If Boris Johnson’s successor called an election now – they wouldn’t win

The much-promised shake-up of Downing Street might be a damp squib

Andrew Grice
Wednesday 26 January 2022 15:44
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Cressida Dick confirms ‘Met is now investigating’ Downing Street partygate allegations

The latest argument made by Boris Johnson allies as he struggles for survival is to warn Tory MPs that if they oust him, his successor would need to call a general election in a few months to secure their own mandate.

Jacob Rees-Mogg, the Commons leader, told the BBC’s Newsnight last night: “It is my view that we have moved, for better or worse, to essentially a presidential system and that therefore the mandate is personal rather than entirely party, and that any prime minister would be very well advised to seek a fresh mandate.”

He pointed out that Gordon Brown did not call an election when he succeeded Tony Blair and lost the eventual one, while Johnson did seek a mandate after replacing Theresa May and won the election. The comparison is bogus: both Brown and Johnson acted out of what they perceived to be their self-interest (though with hindsight Brown should have called a 2007 election as he would probably have won it, and his hesitation was deeply damaging).

If Rishi Sunak or Liz Truss take over from Johnson, as they may well do very soon, would they call an election with the Tories trailing Labour by 10 points in the opinion polls? Of course not. They wouldn’t need to, and so they wouldn’t do it – at least until they got a bounce in the polls, which would be hard to achieve as national insurance, council tax and energy bill rises bite in April.

The spectre of an election has also been raised with wavering Tory backbenchers by Johnson loyalists running his “shadow whipping operation”. It’s a desperate scare tactic in the hope that Tory MPs, especially those in the red wall with slim majorities, stick with Johnson. I doubt it will cut much ice.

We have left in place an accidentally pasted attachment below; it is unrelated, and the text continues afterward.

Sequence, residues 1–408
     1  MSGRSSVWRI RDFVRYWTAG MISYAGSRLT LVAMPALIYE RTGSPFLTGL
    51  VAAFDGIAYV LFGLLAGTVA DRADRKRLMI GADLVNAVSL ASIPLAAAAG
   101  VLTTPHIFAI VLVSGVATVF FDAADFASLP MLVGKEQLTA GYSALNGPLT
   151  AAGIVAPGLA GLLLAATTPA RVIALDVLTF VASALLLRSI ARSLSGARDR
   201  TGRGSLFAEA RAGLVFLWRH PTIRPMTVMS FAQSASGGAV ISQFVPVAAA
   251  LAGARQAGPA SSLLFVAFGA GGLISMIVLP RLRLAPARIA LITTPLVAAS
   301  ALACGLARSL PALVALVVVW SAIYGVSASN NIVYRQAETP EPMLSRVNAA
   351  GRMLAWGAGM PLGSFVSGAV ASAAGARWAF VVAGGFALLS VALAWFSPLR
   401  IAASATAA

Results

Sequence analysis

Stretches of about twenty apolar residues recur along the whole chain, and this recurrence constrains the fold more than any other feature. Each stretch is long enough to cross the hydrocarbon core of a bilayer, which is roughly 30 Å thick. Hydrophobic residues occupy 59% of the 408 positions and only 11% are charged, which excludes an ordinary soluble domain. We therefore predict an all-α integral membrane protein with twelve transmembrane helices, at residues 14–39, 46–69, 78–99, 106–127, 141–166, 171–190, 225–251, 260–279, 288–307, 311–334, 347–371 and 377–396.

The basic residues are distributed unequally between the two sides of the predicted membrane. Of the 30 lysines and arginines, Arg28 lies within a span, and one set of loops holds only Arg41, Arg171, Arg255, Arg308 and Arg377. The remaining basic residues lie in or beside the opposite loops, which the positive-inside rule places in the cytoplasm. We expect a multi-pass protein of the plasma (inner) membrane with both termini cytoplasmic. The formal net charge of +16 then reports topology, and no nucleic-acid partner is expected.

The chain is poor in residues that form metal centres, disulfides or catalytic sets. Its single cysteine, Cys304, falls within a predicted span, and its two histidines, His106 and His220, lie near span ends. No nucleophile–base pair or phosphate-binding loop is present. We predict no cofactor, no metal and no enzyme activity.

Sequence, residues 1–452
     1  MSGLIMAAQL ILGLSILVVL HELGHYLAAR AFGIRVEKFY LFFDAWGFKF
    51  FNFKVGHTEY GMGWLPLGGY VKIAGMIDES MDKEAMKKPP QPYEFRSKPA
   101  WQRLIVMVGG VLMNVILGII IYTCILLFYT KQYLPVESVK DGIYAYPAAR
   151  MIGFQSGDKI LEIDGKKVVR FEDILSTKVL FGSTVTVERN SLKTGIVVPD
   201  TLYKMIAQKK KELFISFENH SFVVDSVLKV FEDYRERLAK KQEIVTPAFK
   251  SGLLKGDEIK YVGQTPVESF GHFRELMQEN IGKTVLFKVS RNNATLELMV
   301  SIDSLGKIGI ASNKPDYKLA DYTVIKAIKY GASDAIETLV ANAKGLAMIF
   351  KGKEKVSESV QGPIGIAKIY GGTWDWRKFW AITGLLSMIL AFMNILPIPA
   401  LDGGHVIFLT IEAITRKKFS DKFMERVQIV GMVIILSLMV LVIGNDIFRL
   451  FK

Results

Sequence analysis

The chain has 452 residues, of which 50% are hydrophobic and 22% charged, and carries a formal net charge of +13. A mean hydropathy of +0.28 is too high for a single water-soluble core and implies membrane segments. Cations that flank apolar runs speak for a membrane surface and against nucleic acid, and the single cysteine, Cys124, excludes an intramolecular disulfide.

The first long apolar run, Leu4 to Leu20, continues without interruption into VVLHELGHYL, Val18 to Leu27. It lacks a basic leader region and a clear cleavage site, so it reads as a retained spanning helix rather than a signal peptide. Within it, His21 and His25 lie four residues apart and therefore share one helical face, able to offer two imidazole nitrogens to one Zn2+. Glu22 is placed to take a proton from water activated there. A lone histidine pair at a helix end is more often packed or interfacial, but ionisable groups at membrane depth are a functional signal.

The 2019 intake of Tory MPs is an independent-minded bunch. The pandemic meant they spent much less time at Westminster than their predecessors, so they have not yet been sucked into its clubby atmosphere. The traditional threats from the whips – such as “there would be a general election” – are out of time. The Johnson camp should have known better after William Wragg, chair of the public administration select committee, reported the whips’ strong-arm tactics to the police, claiming evidence of “blackmail” in denying rebel MPs public money for their constituencies.

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Other arguments designed to save Johnson’s skin also crumbled as the ground shifted beneath his feet in recent weeks. We have seen the Downing Street spin that Sue Gray’s investigation into “Partygate” had found no evidence of criminality. Not true. We have moved from Johnson’s claim that there were was “no party” before Christmas 2020, to his feeble suggestion that no one told him another party in the No 10 garden was against the rules, to pleas for a sense of proportion and, ludicrously, that he was “ambushed with a cake” on his birthday in the cabinet room, as Northern Ireland minister Conor Burns told Channel 4 News.

This “out of all proportion” argument has now been blown out of the water by the Metropolitan Police’s decision to investigate “Partygate”. I doubt the police would waste their time picking over the crumbs of a cake.

The imminent Gray report will surely prove the tipping point that persuades many Tory MPs to call for a vote of confidence in Johnson. Although “wait for Sue Gray” will be succeeded by pleas from the PM’s allies to “wait for the police”, many Tories, including some ministers, are aching to end this crisis as soon as possible. They privately agree with Labour that Johnson has become a “distraction”.

This feeling demolishes another Johnson argument: that, with Europe possibly on the brink of war in Ukraine, it is no time for a change of PM. As one Tory MP told me: “It’s a moment for a serious leader.” With Keir Starmer waiting in the wings, it’s another reason for the Tories to change horses.

Publication of the Gray report will not end this sorry saga because of the police investigation. It will paralyse the government and deny Johnson the reset moment he desperately needs. The much-promised shake-up of Downing Street might be a damp squib; it could be harder to persuade heavyweights to go in while the police inquiry still hangs over Johnson.

Attempts to spin the Met’s intervention as good news for Johnson have also fallen flat. As Tony Blair recalled in his memoirs, the “wretched” police inquiry into “cash for honours” was “totally destabilising” for his premiership. Although no one was prosecuted, it lasted more than a year. “Each moment we started to come up for air and get going again, we would be dragged back below the waterline,” Blair wrote.

Tory MPs say they have had enough instability. They should now bring it to an end.

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